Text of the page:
Lebanon's protesters continue to show united front
Thousands of people tried to create a human chain from northern Lebanon’s Tripoli to Tyre in the south
Roadblocks set up by Lebanese protesters near the centre of Beirut were lifted on Sunday morning.
The move, however, was not a victory for the security forces, who made several unsuccessful attempts throughout Saturday to open the main thoroughfare ring road. It was instead a move by those on the streets to allow more to join their ranks for what activists said was going to be a major rally on the 11th day of nationwide protests.
At the main protest sites around Martyrs' and Riad Al Solh squares, community spaces sprang up, running arts and crafts workshops for children. People gathered there to discuss the future of the anti-government movement and the country as traders did brisk business selling water, snacks and food.
On Saturday, police and the army attempted to clear protesters from a stretch of the ring road that connects east and west Beirut, before another group blocked the road further along. After hours going back and forth, the police appeared to give up at around nightfall and cede the motorway to the demonstrators.
What appeared to be a new chant sprang up, with protesters modifying an almost-ubiquitous song that insults Foreign Minister Gebran Bassil to “Hela Hela Hela Hela Ho, el tariq msakkar ya helo," meaning “the road is closed, good looking”.
By dawn on Sunday, the main motorway from Beirut towards Tripoli and the north was still blocked, despite security chiefs meeting to discuss a plan on how to clear roads.
Initially sparked by a raft of new taxes, the spontaneous uprising demands an end to years of corruption, inequality, inefficient governance, unemployment and poor service provision.
Among the many issues facing Lebanon is a shortage of US dollars, a currency used interchangeably at a fixed exchange rate in the country.
On Sunday, thousands of people headed to the main north-south motorway in an attempt to create a human chain from northern Lebanon’s Tripoli to Tyre in the south.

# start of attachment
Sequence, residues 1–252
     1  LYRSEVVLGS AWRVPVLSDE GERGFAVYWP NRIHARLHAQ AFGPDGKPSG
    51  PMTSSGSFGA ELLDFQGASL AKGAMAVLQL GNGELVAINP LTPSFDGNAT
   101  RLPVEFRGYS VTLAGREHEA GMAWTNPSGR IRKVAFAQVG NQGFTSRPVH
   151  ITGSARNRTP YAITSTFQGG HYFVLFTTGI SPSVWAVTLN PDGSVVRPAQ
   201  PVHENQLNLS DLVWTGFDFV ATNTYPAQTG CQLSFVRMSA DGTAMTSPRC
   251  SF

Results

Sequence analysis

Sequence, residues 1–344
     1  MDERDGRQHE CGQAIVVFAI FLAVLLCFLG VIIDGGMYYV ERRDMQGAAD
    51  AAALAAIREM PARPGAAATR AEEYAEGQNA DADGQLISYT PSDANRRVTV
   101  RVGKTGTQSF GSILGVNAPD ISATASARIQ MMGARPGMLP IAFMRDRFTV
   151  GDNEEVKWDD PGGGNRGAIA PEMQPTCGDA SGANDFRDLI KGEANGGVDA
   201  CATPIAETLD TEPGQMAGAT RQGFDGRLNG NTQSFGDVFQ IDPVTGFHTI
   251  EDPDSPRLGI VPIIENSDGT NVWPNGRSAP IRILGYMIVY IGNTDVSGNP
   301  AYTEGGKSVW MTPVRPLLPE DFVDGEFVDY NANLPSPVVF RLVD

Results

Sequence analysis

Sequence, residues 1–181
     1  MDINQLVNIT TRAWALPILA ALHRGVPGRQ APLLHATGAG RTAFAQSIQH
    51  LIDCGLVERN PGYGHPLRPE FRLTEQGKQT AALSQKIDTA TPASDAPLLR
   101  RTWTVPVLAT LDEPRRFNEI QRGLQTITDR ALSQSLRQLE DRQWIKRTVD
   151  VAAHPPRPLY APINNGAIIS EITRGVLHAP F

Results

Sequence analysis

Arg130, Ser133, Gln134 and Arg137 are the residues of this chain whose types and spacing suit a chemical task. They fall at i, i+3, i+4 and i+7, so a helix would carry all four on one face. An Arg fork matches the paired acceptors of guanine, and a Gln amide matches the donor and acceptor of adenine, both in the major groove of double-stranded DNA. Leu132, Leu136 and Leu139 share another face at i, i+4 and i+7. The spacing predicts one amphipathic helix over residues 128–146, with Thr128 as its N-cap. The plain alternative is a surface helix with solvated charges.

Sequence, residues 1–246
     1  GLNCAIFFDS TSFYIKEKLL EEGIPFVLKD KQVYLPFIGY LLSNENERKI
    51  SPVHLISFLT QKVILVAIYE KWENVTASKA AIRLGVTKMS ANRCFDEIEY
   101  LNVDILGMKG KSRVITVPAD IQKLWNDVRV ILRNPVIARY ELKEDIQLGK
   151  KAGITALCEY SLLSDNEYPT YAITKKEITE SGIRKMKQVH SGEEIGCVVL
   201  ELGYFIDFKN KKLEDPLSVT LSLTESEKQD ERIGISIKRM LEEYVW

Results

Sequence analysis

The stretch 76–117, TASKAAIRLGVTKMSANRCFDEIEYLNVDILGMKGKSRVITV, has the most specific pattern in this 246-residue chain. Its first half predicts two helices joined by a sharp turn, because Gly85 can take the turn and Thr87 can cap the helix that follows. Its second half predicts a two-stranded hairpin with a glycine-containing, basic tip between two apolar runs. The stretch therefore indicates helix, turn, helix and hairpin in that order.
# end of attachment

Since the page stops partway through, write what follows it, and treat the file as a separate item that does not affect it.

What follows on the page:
“We have meeting points set up and people are already joining. We just have started the chain but have no idea how many people are here,” said Ghinwa, who was helping at one of the rally points.
The idea started on Instagram and Ghinwa said that within a few hours 3,000 people said they would attend.
“We want to show that Lebanese people are organised without sect or political affiliation," she said.
“We’re not trying to tell politicians anything, this is not related to politicians but it’s just to show we’re very united."
Bechara Rai, head of the Maronite Church in Lebanon, used his Sunday sermon to call on politicians to meet protesters demands “before it’s too late”.
“Seek what satisfies the people and do not ignore this uprising ... respond to our people’s needs with an act of love that would free you,” Cardinal Rai said.
The events were a continuation on Saturday evening, when tens of thousands gathered on the streets of central Beirut and in towns across the country.
In Beddawi, near Tripoli, the army appeared to open fire on protesters, leading to several casualties. The military said that it had only intervened when an altercation erupted, and that demonstrators threw stones and fireworks.
The incident did not deter tens of thousands from gathering in central Tripoli, with footage on local media showing a raucous crowd chanting and singing, despite efforts by the government to announce new reforms to ease their anger.
State Prosecutor Ghassan Oueidat said on Sunday that he had ordered a freeze on permits that allow businesses and exchange traders to take large quantities of dollars out of the country.
Throughout the weekend, discussion of which cash machines were still stocking dollars was common at protests. While banks insisted there should be no shortage of the US currency, many people said they had to try several bank branches to find it.
On Saturday, the presidential palace denied reports that President Michel Aoun blocked a bill to create an anti-corruption commission, saying that he had returned the legislation to parliament for revision.
“The adoption [of anti-corruption measures] must be expedited so that the law meets requirements but does not create areas of weakness or contradiction,” a statement read.
The bill is not the same as measures the president discussed during his first address to the nation on Thursday, his office added.
Sami Nader, director of the Levant Institute for Strategic Affairs in Beirut, told The National that it was clear that protesters want a new government, without the main political parties, to solve the acute economic crisis the country faces. They also want to start fixing the country’s fragile infrastructure and to unlock the $11 billion (Dh40.4bn) in grants and loans from the international community that is tied to as-yet-unimplemented political reforms.
“If it was a corrupt administration but provided economic solutions and services, maybe it would work, but [the administration] has led to a bankrupt country, no liquidity and no jobs,” Mr Nader said.
The analyst said a body of experts and technocrats who are not affiliated with any party was the solution.
“We are in a different situation to Libya, Algeria, [and other Arab states]... we have a constitution and we’re happy with it – more or less – we just want a new government,” Mr Nader said.
Updated: October 28, 2019 08:49 AM